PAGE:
Family and Medical Leave
The United States is the only developed nation that does not provide paid family leave to its citizens. The U.S. doesn’t even mandate paid maternity leave; the only other nations that don’t offer such basic support include Lesotho, Liberia, Papua New Guinea, and Swaziland. After the passage of the Federal Family Medical Leave Act of 1993, the U.S. requires larger employers to offer unpaid family leave to their workers. As of this writing, California and New Jersey are the only two states that offer paid family leave.
Cry Wolf Quotes
This disturbing trend is nothing short of Europeanization -- a polite term for socialism.
The complexity of the federal Family and Medical Leave Act and the added state provisions can be costly to employers of any size. The administrative burden and potential for overlap with other benefits can have a serious impact on workforce productivity.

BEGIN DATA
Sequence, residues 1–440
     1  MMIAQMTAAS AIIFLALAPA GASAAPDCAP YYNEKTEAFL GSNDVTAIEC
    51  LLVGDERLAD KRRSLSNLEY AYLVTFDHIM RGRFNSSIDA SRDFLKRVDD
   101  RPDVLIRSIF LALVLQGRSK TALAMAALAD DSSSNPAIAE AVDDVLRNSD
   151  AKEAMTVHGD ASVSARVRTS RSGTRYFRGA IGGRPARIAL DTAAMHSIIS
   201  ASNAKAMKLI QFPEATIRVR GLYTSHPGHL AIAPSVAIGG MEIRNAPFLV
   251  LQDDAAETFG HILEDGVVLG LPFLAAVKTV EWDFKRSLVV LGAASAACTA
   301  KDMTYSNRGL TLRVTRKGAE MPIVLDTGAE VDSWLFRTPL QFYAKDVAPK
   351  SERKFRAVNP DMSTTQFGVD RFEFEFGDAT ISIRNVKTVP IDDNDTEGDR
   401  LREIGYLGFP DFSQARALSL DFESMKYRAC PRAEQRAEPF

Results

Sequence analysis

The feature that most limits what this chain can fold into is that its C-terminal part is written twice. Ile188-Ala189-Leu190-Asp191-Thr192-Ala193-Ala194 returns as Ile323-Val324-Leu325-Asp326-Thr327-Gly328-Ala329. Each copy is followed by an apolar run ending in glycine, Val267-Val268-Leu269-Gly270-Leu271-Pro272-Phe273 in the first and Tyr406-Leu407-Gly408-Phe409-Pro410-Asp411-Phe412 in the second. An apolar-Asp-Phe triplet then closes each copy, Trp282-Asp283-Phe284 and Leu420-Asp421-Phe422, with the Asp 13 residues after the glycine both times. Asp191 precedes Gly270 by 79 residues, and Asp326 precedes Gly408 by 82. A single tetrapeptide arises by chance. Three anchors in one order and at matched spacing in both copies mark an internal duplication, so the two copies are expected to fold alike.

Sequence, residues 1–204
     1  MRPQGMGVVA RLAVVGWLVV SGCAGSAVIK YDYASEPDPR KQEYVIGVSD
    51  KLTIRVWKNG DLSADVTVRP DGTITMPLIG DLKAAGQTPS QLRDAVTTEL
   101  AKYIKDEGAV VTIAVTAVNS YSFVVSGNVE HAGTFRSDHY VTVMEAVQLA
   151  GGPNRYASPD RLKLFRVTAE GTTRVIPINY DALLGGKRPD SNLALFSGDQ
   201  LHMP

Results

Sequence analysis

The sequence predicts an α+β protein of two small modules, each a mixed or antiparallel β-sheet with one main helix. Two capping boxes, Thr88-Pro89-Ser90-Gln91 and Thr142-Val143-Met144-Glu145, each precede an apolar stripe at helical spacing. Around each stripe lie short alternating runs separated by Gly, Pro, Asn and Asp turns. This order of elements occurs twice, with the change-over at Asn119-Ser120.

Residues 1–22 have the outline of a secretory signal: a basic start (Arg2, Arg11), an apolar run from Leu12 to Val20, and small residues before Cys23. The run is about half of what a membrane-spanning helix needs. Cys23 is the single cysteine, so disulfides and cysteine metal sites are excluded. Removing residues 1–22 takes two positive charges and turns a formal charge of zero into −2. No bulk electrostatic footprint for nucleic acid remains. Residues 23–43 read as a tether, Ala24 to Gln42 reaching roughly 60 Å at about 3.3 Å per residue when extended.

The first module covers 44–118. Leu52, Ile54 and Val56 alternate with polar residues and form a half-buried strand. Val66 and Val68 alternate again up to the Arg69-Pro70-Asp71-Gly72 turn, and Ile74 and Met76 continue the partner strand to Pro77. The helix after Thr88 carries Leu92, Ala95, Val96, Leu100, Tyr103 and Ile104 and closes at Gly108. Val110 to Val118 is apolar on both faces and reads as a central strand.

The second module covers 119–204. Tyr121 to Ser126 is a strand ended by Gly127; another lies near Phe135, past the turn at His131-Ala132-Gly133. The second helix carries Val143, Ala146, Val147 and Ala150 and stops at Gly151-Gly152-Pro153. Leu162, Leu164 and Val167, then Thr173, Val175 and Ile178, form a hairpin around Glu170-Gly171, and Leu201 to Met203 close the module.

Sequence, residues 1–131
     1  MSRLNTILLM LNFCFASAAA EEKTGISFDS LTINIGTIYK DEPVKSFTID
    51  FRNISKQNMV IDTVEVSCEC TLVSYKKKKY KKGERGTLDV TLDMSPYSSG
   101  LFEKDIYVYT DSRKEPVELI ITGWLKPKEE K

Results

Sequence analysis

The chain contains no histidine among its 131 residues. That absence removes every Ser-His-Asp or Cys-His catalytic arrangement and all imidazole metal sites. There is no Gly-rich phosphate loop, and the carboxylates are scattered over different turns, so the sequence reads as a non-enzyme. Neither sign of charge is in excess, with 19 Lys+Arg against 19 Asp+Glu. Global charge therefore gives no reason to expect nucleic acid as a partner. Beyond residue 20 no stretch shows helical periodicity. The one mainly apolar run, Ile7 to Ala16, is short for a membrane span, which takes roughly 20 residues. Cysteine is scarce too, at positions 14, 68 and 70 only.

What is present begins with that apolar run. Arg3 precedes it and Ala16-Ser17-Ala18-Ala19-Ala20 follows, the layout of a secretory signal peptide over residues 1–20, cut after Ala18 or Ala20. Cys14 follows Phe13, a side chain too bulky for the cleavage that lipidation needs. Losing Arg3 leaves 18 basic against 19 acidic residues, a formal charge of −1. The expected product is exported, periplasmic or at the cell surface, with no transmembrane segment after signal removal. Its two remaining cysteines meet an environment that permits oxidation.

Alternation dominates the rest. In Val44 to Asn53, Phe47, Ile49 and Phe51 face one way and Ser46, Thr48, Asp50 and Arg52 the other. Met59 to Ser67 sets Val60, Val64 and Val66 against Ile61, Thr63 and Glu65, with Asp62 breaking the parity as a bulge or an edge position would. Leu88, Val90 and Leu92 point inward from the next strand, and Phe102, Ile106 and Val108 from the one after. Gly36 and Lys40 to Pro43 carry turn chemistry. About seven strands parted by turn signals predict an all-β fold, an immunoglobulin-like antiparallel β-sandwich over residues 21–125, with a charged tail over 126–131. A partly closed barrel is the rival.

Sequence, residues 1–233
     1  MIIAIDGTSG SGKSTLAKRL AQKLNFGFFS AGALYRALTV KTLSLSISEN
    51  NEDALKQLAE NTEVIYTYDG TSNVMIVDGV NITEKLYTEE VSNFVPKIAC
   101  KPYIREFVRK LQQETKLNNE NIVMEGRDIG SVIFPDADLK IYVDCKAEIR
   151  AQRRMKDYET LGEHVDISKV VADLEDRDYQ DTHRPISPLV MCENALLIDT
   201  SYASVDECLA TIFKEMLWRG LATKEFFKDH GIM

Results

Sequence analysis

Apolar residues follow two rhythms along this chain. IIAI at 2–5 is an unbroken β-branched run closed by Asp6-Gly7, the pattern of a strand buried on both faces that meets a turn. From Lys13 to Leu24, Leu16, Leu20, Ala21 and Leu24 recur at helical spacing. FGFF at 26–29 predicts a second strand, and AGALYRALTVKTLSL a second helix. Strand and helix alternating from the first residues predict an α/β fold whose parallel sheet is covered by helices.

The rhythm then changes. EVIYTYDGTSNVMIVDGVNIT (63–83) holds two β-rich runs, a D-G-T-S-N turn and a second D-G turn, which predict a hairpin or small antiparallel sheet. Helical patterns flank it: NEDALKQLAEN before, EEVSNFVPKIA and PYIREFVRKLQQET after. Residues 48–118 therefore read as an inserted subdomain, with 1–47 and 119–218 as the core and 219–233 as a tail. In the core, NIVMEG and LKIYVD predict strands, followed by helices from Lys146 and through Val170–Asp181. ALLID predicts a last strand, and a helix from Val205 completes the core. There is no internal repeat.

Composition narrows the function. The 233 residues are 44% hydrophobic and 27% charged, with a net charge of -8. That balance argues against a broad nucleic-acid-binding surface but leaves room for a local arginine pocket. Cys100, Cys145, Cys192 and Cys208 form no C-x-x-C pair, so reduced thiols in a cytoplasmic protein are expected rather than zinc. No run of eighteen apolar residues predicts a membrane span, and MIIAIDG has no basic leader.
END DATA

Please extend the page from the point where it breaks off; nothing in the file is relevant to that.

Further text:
We think most Americans don't want the federal government to be their personnel administrators.
The state must stop trying to impose mandates and requirements on businesses that our competitors in other states simply don't have to deal with.
Related Laws and Rules
Leaves That Pay: Employer and Worker Experiences with Paid Family Leave in California
The Center for Economic and Policy Research's recent survery of employers and employees shows that California's paid family leave law has provided a plethora of benefits.
A Workable Balance: Report to Congress on Family and Medical Leave Policies
A tenth anniversary study of the Family Medical Leave Act's effects.
Backgrounders & Briefs
Institute for Women’s Policy Research is a prominent think tank that is largely focused on American women's issues. This covers everything from pay equity to welfare reform to domestic violence.
MomsRising focuses on "bringing important motherhood and family issues."
The National Partnership for Women and Families leads the national fight for paid sick days and paid family and medical leave.